Packet framer 18 adds two start-flag sequences to the beginning of the data packet, and another start flag 01111110 as the end flag after the end of the data packet. The data packet with the two start flags and the end flag is then sent to switch core 14. Packet framer 18 uses a modified High-Level Data-Link Control (HDLC) encoding method to add the flags and zero-insertion. None of the other framing definitions of HDLC are used. Packet framer 18, encoder 66, and decoder 68 operate on serial data.
De-skew circuit 20 receives the transmitted packet, including the start and end flags, from switch core 14. De-skew circuit 20 measures the skew by comparing the phase of the start flag to the known start-flag sequence. The measured skew is saved and used to select the amount of delay needed to remove the measured skew from the packet. De-skew circuit 20 then removes this measured skew from the data packet as it is serially transmitted through de-skew circuit 20. Decoder 68 then removes any inserted zeros before the data packet, without the start and end flags, is sent to MAC 12.
FIG. 6 is a diagram of a data packet 50 from MAC 12 and the packet transmitted through switch core 14. An original data packet is received at the source MAC from the transmitting network node. The MAC may calculate a frame checksum FCS from the data in the packet and append the <FCS > field to the data packet. The source network address <SA > and the destination network address <DA > are also part of data packet 50.
The MAC module adds two start flags 01111110 and an ending flag 01111110 to data packet 50 to generate transmitted packet 52. Data packet 50 is further modified by zero insertion to prevent the start flag pattern from occurring in data packet 50.
FIG. 7 is a diagram of a packet framer which adds a start flag sequence to each packet transmitted. Encoder 66 receives data packet 50 and inserts zeros after every sequence of five ones to prevent a sequence of six ones which occurs in the unique start flag 01111110. Mux 56 selects the serial bit stream of data packet 50 after zero-insertion after the start flag has been sent through mux 56. Mux 56 selects the start flag at the beginning of transmission before data packet 50 is transmitted, and after the last bit of data packet 50 is transmitted. A simple state machine or sequencer may be used to generate the start flag in serial format. Mux 56 outputs transmitted packet 52, which is converted to NRZI format by converter 58 before transmission through switch core 14. NRZI format is used for transmission rather than the standard RZ or NRZ formats of transmitted data packet 52 for two reasons. NRZI reduces the frequency of the serial data, reducing electro-magnetic interference. Also, the flag of 01111110 when converted to NRZI has several signal transitions of the physical signal which are easily detected and compared by the de-skew circuit.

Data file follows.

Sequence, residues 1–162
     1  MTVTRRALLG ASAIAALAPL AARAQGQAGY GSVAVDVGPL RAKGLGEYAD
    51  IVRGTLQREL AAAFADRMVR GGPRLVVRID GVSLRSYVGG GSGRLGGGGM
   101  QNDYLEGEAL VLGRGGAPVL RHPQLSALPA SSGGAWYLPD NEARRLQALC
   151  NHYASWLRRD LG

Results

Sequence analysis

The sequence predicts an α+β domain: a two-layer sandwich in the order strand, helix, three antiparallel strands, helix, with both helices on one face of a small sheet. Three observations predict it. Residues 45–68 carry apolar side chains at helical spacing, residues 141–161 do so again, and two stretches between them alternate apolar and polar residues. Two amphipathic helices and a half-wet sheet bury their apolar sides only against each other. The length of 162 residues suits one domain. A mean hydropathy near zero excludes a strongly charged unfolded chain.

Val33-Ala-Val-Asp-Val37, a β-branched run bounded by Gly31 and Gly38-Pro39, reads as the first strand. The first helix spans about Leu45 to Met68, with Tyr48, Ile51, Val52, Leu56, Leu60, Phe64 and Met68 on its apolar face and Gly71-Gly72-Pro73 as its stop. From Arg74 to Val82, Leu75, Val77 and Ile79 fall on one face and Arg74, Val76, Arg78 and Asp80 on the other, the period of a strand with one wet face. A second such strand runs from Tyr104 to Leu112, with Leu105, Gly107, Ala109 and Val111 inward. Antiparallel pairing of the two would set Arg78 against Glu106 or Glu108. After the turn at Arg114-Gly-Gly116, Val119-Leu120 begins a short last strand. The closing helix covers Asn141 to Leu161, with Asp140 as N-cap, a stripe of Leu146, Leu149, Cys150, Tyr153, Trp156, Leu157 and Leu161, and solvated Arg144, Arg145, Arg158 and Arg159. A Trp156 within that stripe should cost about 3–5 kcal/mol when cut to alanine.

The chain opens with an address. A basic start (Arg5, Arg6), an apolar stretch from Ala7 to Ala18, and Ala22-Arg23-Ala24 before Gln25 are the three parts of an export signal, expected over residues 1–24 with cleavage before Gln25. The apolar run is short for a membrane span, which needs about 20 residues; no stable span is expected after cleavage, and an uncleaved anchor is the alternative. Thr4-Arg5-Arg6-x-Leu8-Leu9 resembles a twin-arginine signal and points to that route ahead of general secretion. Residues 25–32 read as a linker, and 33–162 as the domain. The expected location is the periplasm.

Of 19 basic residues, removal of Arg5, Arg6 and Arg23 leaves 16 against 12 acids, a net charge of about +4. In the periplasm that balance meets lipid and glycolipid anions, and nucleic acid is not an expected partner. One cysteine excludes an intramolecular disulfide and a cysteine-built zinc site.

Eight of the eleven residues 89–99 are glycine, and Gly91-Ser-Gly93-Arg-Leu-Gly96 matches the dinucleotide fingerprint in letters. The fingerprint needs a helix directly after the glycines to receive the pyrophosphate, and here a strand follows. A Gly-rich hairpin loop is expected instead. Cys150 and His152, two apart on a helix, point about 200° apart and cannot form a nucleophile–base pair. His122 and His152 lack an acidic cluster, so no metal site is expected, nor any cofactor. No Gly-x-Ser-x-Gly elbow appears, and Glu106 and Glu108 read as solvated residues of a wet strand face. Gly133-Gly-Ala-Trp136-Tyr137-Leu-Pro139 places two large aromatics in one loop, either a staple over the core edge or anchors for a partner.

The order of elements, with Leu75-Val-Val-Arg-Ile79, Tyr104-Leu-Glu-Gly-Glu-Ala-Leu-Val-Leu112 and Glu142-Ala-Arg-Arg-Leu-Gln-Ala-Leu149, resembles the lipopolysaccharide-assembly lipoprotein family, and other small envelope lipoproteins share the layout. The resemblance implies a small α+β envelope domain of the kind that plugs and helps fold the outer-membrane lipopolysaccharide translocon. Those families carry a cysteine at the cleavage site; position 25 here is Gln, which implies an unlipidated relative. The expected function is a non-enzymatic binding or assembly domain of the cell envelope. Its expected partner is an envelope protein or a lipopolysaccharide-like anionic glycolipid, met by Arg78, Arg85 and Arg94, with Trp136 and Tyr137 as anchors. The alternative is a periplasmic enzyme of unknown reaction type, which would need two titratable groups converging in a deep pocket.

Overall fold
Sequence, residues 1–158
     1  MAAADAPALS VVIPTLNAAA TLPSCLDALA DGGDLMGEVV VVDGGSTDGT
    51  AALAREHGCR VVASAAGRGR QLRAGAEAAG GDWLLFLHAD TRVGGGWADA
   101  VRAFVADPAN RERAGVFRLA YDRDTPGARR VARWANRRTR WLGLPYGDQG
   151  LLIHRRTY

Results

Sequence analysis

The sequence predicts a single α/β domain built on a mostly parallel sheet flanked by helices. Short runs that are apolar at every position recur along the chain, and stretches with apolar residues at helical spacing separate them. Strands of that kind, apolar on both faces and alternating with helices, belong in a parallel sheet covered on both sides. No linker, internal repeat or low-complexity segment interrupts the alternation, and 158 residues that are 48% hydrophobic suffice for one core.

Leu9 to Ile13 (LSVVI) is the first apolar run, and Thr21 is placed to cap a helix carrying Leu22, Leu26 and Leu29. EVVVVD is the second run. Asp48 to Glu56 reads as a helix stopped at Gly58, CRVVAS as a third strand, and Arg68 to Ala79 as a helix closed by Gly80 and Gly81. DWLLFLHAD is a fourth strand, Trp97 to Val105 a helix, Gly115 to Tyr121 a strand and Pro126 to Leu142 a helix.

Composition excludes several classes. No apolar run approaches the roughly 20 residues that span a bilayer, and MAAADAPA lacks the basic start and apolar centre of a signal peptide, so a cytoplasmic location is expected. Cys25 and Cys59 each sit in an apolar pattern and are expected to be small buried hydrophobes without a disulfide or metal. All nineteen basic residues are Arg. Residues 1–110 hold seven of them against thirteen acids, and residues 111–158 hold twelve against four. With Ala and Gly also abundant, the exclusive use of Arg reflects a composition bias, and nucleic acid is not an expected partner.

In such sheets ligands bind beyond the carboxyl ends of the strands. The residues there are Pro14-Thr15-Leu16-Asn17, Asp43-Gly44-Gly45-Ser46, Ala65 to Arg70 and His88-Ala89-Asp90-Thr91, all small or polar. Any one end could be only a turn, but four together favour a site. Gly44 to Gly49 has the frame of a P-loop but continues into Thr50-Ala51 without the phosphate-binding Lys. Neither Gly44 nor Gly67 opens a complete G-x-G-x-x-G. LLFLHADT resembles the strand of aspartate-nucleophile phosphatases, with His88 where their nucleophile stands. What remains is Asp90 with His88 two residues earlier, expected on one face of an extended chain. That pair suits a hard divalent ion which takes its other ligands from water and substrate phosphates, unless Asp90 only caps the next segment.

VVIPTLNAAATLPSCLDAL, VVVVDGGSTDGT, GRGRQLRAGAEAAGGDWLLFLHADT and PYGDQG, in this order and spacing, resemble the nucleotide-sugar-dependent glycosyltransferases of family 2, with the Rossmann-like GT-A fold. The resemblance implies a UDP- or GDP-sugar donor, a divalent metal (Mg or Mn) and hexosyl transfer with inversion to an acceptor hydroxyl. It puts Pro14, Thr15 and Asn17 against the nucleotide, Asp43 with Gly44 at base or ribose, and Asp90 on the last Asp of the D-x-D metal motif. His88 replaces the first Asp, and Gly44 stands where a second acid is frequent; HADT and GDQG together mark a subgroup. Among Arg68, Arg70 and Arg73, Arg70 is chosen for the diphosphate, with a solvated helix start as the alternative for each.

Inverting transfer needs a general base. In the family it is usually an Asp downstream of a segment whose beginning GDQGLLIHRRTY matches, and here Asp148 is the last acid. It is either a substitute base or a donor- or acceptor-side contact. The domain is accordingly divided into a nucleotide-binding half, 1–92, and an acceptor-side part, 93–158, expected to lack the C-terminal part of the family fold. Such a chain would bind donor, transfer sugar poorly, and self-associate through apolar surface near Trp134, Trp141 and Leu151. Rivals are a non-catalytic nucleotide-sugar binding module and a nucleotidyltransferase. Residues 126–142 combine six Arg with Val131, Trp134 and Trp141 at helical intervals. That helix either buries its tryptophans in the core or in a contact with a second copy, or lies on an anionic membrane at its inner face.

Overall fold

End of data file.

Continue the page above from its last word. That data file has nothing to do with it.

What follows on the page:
FIG. 8 is a diagram of a skew measurement and compensation circuit for a network switch. De-skew circuit 20 receives the serially-transmitted packet, before it is converted from NRZI to RZ format. The serial data is sent through various delay elements 40 producing different amounts of delay. For example, each delay element 40 may be selected to generate a delay of one-quarter of the clock period of clock CLK.
Mux 48 receives a select signal SEL from counter 45 indicating the amount of skew to add to the data input. This amount of skew is used to select an output from one of the four data inputs to mux 48 with the desired delay. The selected data input has some number of delay elements 40 which compensate for the measured skew. AND gate 44 prevents data from being output until skew measurement has occurred. Flip-flop 43 then synchronizes the selected output from mux 48 to the clock CLK and outputs a skew-compensated serial data stream to the destination MAC.